KC: I agree with Michael - some of my favorite pieces in the score were relatively short due to technical restraints so it would have been great to have the opportunity to explore the pieces further. Overall, I’m very pleased with the results so I can’t think of anything I would go back and edit.
6. What are some pros and cons of being a composer(s)?
MN: There are LOTS of pros. It’s great to help shape the sound of a game like Forza Motorsport 6. We have been fans of the franchise since the beginning. As a composer, every day is a creative journey.
There isn’t anything that I could really call a “con.” It can certainly be very demanding and involves hard work and grueling hours, but at the end of the day we’re able to make a living creating music.
KC: For me personally, there’s nothing more rewarding than creating music. It’s an incredibly powerful form of self expression and scoring takes it a step further as you, as a composer, bring the 3rd dimension to what would otherwise be emotionally and viscerally lacking without music. I think as with most art forms, a composer’s career certainly takes an emotional and physical toll.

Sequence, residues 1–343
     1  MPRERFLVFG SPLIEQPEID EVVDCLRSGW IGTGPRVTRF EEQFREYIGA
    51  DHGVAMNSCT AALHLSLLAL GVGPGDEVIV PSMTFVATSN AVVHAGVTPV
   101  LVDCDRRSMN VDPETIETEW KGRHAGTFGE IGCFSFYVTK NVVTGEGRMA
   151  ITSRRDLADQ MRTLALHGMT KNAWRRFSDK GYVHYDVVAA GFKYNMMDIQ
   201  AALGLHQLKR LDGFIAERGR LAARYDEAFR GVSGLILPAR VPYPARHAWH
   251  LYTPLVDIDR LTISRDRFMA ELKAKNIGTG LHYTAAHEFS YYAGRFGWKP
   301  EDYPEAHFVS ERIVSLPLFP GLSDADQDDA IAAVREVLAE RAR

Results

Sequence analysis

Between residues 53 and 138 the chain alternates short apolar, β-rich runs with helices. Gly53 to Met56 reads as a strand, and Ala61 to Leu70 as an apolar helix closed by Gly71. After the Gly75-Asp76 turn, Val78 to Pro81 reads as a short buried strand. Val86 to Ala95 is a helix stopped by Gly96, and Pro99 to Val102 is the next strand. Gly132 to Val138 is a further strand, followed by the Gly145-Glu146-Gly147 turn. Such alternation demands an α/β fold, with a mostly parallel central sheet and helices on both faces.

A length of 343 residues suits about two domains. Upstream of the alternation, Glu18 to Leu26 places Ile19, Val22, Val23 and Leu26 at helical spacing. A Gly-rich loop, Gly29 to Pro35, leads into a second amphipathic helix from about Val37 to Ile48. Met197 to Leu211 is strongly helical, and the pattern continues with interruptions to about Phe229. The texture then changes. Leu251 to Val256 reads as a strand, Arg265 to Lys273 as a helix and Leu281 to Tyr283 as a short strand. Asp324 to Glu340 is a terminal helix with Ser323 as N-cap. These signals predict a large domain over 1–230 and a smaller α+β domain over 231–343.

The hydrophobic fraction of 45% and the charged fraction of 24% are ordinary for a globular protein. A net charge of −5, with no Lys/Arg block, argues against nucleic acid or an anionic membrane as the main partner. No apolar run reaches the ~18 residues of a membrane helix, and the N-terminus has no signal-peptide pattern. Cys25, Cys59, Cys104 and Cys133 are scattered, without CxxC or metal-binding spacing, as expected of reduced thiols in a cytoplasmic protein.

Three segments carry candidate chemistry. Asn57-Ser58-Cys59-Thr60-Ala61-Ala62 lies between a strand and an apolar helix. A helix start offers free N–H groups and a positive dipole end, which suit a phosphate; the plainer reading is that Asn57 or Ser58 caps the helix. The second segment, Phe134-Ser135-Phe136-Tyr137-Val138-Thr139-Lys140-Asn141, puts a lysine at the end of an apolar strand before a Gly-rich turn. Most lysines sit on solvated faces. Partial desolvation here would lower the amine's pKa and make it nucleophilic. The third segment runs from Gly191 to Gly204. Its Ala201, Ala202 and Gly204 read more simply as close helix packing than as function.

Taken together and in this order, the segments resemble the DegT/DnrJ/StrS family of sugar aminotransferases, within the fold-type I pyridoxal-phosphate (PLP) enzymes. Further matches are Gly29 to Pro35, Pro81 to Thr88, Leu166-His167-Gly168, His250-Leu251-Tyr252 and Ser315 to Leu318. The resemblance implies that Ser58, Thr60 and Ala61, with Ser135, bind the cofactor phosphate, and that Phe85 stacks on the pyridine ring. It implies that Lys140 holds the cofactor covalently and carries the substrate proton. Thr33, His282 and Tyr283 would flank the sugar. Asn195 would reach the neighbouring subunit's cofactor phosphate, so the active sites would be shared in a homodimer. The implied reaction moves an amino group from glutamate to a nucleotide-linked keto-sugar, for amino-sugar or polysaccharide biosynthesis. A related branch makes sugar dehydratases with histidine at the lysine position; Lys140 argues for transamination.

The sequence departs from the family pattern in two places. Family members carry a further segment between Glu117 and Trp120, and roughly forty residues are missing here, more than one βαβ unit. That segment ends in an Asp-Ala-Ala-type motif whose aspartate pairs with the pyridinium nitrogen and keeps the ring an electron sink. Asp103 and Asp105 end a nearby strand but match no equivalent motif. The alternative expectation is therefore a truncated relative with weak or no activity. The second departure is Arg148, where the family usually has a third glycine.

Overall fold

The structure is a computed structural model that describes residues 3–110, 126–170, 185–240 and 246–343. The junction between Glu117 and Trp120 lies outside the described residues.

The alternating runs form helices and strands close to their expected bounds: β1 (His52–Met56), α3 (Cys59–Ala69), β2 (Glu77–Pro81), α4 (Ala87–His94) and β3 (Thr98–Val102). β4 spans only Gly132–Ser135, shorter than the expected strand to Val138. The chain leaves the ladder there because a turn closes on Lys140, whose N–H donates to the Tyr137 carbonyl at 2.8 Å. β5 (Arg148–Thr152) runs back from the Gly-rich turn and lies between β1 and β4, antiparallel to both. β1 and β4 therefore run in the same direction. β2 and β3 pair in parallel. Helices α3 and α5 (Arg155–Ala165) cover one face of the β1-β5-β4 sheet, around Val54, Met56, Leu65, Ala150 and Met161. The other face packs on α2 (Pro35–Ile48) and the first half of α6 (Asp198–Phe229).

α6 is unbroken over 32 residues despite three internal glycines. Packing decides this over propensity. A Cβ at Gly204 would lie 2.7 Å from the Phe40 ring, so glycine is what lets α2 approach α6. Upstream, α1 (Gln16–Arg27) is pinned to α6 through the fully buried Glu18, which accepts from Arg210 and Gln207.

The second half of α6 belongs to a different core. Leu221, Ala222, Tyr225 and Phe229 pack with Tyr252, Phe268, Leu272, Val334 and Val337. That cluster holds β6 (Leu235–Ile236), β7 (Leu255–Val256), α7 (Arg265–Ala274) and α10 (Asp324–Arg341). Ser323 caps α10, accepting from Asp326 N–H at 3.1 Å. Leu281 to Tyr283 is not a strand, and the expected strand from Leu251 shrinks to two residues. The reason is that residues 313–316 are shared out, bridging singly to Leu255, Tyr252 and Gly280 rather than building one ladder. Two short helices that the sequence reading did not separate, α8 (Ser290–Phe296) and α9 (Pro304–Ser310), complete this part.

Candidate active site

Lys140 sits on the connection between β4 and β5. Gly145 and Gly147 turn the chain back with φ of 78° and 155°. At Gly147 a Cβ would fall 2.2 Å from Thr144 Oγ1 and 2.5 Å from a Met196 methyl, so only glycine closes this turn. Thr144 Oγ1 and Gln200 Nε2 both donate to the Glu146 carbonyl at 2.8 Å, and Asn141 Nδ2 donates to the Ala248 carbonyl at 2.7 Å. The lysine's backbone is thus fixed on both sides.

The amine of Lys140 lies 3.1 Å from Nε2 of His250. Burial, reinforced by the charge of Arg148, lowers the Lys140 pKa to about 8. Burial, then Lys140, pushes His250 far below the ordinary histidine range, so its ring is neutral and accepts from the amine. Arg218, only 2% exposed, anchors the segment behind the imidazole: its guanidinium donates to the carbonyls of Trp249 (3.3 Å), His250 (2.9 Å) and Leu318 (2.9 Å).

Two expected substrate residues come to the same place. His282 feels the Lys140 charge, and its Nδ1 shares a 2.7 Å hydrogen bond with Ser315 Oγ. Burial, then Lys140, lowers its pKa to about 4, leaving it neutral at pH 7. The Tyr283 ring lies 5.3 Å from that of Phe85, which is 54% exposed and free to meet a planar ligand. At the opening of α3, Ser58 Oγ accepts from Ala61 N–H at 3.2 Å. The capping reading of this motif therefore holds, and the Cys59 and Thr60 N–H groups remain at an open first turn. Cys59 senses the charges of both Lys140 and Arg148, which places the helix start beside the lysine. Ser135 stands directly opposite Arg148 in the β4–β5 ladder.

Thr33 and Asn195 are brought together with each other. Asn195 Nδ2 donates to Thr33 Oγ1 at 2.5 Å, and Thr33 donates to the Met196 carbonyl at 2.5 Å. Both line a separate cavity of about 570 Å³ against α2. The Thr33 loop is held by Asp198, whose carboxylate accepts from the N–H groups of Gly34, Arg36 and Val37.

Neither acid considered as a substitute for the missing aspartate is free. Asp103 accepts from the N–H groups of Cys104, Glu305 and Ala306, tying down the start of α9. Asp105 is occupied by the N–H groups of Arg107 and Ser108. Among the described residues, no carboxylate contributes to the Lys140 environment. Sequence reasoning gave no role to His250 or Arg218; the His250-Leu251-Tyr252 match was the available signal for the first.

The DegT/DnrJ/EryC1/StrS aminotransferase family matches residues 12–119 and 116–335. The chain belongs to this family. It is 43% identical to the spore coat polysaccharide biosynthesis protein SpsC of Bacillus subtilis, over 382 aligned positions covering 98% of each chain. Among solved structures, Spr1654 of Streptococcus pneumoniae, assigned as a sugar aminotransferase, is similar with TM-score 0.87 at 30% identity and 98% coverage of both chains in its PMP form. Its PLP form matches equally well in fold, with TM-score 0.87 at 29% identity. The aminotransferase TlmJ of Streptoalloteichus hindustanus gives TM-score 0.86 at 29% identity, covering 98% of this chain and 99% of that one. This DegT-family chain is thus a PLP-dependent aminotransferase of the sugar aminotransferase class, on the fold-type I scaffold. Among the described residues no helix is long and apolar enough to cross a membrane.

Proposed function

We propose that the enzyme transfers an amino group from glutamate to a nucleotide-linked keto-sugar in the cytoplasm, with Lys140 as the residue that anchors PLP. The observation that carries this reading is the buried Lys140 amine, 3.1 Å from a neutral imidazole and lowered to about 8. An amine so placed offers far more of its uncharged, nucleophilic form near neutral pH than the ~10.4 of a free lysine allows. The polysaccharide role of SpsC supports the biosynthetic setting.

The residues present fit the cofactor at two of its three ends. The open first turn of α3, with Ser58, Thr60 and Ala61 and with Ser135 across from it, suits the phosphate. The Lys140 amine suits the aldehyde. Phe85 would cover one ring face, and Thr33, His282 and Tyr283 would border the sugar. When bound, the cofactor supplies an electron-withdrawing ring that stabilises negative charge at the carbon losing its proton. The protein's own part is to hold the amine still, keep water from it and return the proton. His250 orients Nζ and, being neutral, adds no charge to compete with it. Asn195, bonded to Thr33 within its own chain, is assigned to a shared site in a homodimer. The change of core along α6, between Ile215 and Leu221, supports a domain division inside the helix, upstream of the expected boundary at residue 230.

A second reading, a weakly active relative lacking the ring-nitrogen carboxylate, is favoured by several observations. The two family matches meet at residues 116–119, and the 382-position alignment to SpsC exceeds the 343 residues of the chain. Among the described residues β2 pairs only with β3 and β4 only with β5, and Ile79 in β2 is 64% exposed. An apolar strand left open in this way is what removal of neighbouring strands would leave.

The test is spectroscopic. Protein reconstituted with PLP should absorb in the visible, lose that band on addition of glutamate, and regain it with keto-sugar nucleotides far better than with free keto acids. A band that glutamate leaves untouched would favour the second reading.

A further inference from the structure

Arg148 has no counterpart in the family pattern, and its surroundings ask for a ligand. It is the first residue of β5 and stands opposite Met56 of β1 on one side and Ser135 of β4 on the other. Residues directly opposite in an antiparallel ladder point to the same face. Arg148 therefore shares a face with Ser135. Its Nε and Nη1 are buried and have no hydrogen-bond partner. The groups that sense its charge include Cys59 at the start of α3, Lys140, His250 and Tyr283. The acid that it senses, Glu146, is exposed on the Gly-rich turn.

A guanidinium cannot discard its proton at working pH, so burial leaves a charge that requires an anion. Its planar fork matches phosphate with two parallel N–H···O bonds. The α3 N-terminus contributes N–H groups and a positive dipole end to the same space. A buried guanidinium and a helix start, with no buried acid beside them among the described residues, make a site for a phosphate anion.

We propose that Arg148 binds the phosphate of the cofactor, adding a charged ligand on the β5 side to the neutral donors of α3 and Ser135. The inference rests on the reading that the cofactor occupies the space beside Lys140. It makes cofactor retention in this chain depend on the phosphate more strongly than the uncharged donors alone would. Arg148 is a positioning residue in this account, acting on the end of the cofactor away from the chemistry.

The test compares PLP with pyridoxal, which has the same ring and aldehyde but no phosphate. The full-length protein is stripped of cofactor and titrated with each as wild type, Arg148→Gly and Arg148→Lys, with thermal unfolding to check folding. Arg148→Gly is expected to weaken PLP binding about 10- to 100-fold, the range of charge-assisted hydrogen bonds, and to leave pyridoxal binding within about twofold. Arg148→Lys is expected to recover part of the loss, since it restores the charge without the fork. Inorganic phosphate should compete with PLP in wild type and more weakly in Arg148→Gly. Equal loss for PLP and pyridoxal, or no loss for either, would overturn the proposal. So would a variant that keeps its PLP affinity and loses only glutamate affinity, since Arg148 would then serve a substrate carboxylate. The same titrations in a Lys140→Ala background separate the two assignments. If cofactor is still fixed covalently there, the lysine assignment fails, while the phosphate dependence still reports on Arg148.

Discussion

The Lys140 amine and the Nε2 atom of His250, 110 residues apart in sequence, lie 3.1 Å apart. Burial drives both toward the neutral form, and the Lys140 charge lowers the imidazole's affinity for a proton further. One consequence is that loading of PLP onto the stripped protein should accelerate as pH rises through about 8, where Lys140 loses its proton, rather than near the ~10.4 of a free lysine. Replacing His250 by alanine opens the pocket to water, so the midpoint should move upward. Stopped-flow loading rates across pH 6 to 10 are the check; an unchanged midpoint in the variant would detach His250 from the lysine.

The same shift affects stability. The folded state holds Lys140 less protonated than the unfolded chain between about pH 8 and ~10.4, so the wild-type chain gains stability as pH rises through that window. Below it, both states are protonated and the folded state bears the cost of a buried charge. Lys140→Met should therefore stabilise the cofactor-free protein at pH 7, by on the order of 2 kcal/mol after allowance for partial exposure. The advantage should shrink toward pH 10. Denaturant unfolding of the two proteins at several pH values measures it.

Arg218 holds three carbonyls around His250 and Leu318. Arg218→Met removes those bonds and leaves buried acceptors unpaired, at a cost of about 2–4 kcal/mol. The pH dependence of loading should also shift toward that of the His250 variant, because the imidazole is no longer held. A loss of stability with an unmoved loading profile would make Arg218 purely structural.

The scoring landscape nowadays requires a composer to wear multiple hats, requiring them to be a composer, engineer, businessman and most importantly - a psychologist. There are difficult hours and demands to be met but in the end, it is a privilege to be able to create music for a living.
7. Did you know you wanted to be a composer(s) from the beginning?
MN: I had a strong pull towards music since I was a child. Music was always playing in my household. When I was a kid, I would make “mix tapes,” or little compositions on a 4 track recorder, or bad 8 bit sequences and play my old Apple IIC games to them. I didn’t know I wanted to be a composer, but looking back, the signs were there. The studio environment is really where I’ve always been most comfortable as a musician.